Caching and Root Server TTLs - Matthew Thomas
This presentation was based on the RSSAC 003 report (https://www.icann.org/en/system/files/files/rssac-003-root-zone-ttls-21aug15-en.pdf). You would expect large TTLs to have less queries at the root, but this is not the case. The work was based on an analysis of the DITL data sets, and looks at the elapsed time between queries to the same root server for the same query. There are local peaks in the CDF of inter-query delay in the DITL at 12 and 24 hours.
The second part of this talk was an active measurement talk where a domain was set up with a 10 day TTL, and then open recursives were queries in a structured manner. The popular open recursives appear to perform time-nased TTL reduction, but they refresh their cache in 1 day (Ultra, Dyn). OpenDNS is a little different with one record having a long lived cache time with a number of more frequently refreshed cached records. Google’s PDNS exhibited some jitter, but principally stored the cached records with a 6 hour TTL.
Atlas and F-Root Anycast Selection - Ray Bellis
These days anycast drives the expansion of the root zone, and most (but not all) of the 13 root servers are in fact a constellation of synchronised servers that are intended to respond identically. But from the inside there is an interesting couple of questions: how effective is an existing root server constellation? If the anycast constellation were to be expanded, then where would additional anycast servers make sense? Both of these are difficult questions, and one suspects that the current anycast placement processes are more about “pins in a map” than a deep understanding of DNS query flows.
Ray has looked at RIPE measurement 10304: every root server, every 240s "hostname.bind CH TXT” query. He is mapping with the Atlas geo data to visualise the “client constellation” of each F Root anycast instance, and, in particular, identify those locations that are seeing DNS query response delays in excess of 200ms. Obvious anomalies are visible in this approach, such as French users using the Atlanta F root instance.
However the “what if” question is extremely difficult to answer from this approach. You can tell what is sub-optimal, but that’s not quite the same as an optimal placement of a further element in the anycast constellation.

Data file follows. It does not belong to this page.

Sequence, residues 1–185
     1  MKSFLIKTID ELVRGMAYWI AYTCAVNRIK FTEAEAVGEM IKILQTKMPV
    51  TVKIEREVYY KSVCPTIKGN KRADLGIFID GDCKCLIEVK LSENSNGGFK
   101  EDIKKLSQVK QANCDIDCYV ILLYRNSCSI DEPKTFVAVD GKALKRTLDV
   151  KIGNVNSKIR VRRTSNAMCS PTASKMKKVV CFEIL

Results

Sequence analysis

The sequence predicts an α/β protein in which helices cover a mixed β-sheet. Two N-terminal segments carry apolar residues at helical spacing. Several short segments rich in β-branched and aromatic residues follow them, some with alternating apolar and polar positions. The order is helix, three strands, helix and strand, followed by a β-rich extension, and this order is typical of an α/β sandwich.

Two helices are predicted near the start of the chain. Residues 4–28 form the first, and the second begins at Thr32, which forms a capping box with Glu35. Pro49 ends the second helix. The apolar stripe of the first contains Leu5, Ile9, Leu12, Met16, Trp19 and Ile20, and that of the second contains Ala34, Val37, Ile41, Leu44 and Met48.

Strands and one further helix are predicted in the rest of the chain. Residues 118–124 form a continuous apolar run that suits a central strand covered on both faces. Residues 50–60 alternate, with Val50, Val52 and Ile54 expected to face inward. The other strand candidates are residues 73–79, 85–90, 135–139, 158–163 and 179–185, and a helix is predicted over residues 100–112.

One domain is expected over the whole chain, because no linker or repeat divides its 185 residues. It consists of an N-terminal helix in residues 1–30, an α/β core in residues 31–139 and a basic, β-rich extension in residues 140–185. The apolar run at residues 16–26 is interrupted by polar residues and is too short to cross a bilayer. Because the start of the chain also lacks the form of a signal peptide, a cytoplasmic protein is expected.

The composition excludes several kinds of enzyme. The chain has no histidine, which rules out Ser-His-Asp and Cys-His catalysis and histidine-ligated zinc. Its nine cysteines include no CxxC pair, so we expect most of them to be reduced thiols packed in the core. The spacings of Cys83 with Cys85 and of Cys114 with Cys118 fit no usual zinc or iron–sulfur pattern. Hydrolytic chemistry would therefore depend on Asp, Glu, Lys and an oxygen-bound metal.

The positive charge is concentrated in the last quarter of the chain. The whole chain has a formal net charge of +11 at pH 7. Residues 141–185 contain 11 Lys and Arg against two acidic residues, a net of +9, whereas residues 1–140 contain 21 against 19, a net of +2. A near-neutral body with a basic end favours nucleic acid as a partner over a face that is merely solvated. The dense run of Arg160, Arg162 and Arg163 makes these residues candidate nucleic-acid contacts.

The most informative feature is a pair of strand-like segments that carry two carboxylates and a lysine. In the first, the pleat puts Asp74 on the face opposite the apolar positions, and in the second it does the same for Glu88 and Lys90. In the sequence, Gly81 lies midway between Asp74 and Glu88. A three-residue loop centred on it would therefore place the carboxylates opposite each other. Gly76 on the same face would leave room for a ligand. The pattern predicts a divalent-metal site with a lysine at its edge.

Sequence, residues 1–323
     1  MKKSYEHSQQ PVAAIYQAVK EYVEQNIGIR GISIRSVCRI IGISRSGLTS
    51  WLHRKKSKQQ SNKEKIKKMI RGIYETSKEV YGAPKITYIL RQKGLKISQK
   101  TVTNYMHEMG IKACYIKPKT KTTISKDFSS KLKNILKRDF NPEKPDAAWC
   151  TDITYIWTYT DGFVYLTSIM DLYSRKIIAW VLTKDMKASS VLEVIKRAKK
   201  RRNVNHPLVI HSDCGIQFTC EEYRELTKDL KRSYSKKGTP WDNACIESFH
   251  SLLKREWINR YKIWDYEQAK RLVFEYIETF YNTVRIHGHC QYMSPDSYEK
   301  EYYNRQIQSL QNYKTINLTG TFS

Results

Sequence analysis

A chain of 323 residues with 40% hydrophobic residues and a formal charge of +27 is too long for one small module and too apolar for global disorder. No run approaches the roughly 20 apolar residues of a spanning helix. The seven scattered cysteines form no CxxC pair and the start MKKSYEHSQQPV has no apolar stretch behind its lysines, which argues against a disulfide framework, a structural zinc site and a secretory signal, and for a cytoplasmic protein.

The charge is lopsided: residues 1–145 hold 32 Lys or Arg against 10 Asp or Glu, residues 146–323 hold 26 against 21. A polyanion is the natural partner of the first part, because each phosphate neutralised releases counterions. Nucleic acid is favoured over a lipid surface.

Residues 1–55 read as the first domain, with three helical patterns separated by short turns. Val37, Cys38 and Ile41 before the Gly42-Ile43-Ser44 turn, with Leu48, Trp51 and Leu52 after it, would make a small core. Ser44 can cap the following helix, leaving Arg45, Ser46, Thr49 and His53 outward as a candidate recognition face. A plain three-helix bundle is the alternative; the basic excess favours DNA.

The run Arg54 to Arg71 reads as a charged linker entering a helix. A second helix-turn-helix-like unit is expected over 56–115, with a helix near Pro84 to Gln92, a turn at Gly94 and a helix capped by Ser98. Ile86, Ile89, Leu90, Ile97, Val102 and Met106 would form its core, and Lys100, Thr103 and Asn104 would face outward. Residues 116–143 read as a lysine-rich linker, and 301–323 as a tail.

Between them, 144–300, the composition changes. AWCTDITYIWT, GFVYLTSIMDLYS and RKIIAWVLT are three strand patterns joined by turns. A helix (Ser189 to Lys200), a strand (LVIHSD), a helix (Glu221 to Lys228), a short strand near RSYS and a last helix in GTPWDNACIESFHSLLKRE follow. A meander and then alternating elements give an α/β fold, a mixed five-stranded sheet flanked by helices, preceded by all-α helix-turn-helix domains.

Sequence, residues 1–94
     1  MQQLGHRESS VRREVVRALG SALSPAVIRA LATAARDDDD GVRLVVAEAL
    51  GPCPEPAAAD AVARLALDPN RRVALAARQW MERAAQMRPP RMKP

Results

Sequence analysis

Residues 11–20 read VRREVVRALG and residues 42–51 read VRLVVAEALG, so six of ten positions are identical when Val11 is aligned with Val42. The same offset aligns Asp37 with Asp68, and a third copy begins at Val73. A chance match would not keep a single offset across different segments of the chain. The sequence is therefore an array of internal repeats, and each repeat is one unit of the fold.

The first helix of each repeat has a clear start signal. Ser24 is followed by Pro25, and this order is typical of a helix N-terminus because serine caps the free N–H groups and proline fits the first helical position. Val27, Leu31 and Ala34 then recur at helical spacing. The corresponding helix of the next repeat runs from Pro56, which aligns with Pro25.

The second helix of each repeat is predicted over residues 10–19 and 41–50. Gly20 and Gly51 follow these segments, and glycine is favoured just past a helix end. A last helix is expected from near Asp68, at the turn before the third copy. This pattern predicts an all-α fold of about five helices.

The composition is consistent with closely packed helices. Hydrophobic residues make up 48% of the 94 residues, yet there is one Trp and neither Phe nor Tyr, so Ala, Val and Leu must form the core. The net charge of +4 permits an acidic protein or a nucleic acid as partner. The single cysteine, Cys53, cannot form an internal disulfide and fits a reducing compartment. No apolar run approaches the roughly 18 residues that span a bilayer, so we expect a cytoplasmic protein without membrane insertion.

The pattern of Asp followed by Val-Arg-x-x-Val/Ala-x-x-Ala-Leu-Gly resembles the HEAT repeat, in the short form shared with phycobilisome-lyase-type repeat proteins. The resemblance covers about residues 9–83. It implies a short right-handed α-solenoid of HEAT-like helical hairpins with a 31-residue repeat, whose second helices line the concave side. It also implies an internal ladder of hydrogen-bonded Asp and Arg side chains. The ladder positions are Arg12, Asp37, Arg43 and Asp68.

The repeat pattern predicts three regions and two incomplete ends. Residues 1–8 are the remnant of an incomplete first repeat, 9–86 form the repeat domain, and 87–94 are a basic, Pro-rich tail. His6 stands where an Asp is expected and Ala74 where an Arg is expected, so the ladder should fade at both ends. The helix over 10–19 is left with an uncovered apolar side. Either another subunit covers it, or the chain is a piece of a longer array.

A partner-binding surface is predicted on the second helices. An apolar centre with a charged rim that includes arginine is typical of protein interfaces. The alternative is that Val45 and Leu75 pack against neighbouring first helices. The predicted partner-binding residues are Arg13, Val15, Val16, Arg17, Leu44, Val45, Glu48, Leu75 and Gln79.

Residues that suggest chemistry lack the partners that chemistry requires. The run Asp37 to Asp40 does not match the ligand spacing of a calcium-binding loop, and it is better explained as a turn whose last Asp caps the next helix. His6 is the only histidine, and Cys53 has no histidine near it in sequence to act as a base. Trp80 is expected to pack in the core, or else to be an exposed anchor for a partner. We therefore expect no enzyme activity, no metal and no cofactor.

But this leads to the next question: Is anycast an eloquent expression of failure?
This gets back to the question of what is the problem that we are wanting to solve, and is this the problem we appear to be solving. One can’t help but wonder if faster NXDOMAIN responses really matters. It appears that the actual benefit is not faster NXDOMAIN, but attack minimization. There were times when single instance root servers were DDOS’ed off the net, and large anycast constellations certainly help in minimizing the effectiveness of attack, even if the attack is a widely distributed attack.
But at this stage the thought process heads into ways to leverage DNSSEC to alter the entire root zone distribution architecture and see if we can eliminate even these 13 anycast constellations as critical points. But that is heading way beyond Ray’s presentation.
13 years of Old J Root - Duane Wessels
Almost 20 years later (set up in 1997) is still seeing J Root query traffic being directed to the old IPv4 address (220.127.116.11). They are wondering if they can turn off this resolver at this IP address. Without any current root zone hints file data pointing to this address, there is still a query pattern to this address. There is this theory that the DNS is in fact an infinite memory machine and any information that enters the DNS, be it a query or the address of a root server is in fact never forgotten! This presentation appears to be another piece of evidence to substantiate this view.
(One cute clue pointer for a tool: fpdns is a fingerprint tool to get the resolver version)
Mapping Clients to Resolvers - Matt Larson
Clients per recursive resolver is an interesting view where he plotted number of clients vs % of seen resolvers as a CDF.
EDNS Client Subnet - Brian Hartvigsen
This is OpenDNS’ view of END0 Client subnet signalling - they continue to use a manually maintained whitelist. The talk was about experience gained as an open recursive resolver when they switched on EDNS0 client subnet.
DNSTAP-whoami - Robert Edmonds
This is in the category of “clever DNS tricks”, along the lines of whoami.akamai.net, porttest.dns-oarc.net, and rs.dns-oarc.net. This one has a response that pulls in the resolver address, the TCP/UDP query port, the EDNS buffer and the EDNS0 options and packages all this into a response. However the response is encoded, so there is an associated response decoder.
e.g. $ dig +short @18.104.22.168 whoami.dnstap.info NULL | dnstap-ldns -xy
Happy DNS Eyeballs - Geoff Huston
A talk on what we observe when a NS has both V4 and V6 connectivity: i.e. what do resolvers do when given the choice of querying an authoritative name server over V4 or V6? The presentation reported on a recent experiment undertaken to observe resolver behaviour and noted that in general resolvers appear to either not use V6 at all, or only over V6 when there is no V4 (i.e. Google) or appears to favour V4 over V6. The report also indicated that Bind had around 55% market share of recursive resolvers.
Geoff Huston B.Sc., M.Sc., is the Chief Scientist at APNIC, the Regional Internet Registry serving the Asia Pacific region. He has been closely involved with the development of the Internet for many years, particularly within Australia, where he was responsible for building the Internet within the Australian academic and research sector in the early 1990’s. He is author of a number of Internet-related books, and was a member of the Internet Architecture Board from 1999 until 2005, and served on the Board of Trustees of the Internet Society from 1992 until 2001. He has worked as a an Internet researcher, as a ISP systems architect and a network operator at various times.
The above views do not necessarily represent the views of the Asia Pacific Network Information Centre.